Sometimes, the right car for you might not be the best one in its segment. When it comes to the Toyota RAV4 and Nissan Rogue hybrids, the Nissan just isn’t as good as the Toyota, but not everyone has an extra $1,000$2,000 to spend on a new car. With the Nissan, the Rogue hybrid could be an option for crossover buyers who didn’t realize the Rogue they’ve always wanted was offered as a hybrid. So although the RAV4 is the better hybrid crossover overall, after spending time driving and testing a 2017 Rogue Hybrid, we discovered the Nissan still has a few positives going for it.
Where the 2017 Rogue Hybrid really stands out is how inexpensive the upgrade is from nonhybrid to hybrid. The premium is only about $1,000 depending on trim, and thanks in part to the availability of front-drive variants, prices are generally less than the RAV4 Hybrid, which is only available with all-wheel drive, before considering regional incentives. Subjectively and objectively, however, the crossover can’t quite match the driving experience of the RAV4 Hybrid.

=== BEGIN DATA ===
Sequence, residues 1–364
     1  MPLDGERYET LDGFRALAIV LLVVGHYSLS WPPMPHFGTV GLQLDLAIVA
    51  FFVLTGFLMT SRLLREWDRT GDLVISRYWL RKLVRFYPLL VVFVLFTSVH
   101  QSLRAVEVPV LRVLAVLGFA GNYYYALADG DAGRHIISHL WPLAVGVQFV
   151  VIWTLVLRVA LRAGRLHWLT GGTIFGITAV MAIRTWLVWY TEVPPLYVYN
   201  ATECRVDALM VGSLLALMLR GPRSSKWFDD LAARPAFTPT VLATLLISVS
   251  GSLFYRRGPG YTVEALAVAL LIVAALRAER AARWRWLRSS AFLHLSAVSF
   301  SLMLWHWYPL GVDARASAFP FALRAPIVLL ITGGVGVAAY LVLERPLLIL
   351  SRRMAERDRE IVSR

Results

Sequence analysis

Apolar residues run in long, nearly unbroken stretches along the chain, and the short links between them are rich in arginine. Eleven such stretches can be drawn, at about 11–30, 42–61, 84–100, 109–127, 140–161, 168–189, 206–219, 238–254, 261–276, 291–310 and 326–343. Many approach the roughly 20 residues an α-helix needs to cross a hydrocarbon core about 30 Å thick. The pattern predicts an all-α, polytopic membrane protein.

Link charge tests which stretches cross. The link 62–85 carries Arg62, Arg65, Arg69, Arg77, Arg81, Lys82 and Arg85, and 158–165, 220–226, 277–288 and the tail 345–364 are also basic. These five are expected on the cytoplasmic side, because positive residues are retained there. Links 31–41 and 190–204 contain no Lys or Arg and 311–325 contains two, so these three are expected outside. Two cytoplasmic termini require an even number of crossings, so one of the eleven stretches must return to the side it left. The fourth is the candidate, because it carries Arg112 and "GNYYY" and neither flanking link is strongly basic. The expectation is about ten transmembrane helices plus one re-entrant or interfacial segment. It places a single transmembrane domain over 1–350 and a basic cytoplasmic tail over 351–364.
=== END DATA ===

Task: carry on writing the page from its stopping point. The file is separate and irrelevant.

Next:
Take acceleration. Track-tested 060-mph acceleration from Motor Trend might seem like an afterthought in a hybrid crossover, but it shouldn’t be. Whether you’re trying to pass on a two-lane road or just entering a freeway from a short on-ramp, acceleration should still be somewhere on the list of priorities. The 2017 Rogue Hybrid we tested in SL AWD trim hit 60 mph in 9.1 seconds, up from a 2016 RAV4 Hybrid in Limited AWD trim at 8.2 seconds and a 2016 RAV4 Hybrid in the lower XLE AWD trim at 7.8 seconds.
The 2017 RAV4 Hybrid’s EPA-rated 34/30 mpg beat the Nissan in city-style driving (EPA city results comprise just over half of the organization’s combined city/highway ratings), and the Rogue didn’t do well in our Real MPG test results. Real MPG involves using a $150,000 gas analyzer and a set test route to get a real-world perspective on fuel economy.
For those considering a hybrid and nonhybrid Rogue, the hybrid’s brakes will require an adjustment in driving style. The brake feel is a bit unnatural, which isn’t as much of an issue as how slow the steering is tuned.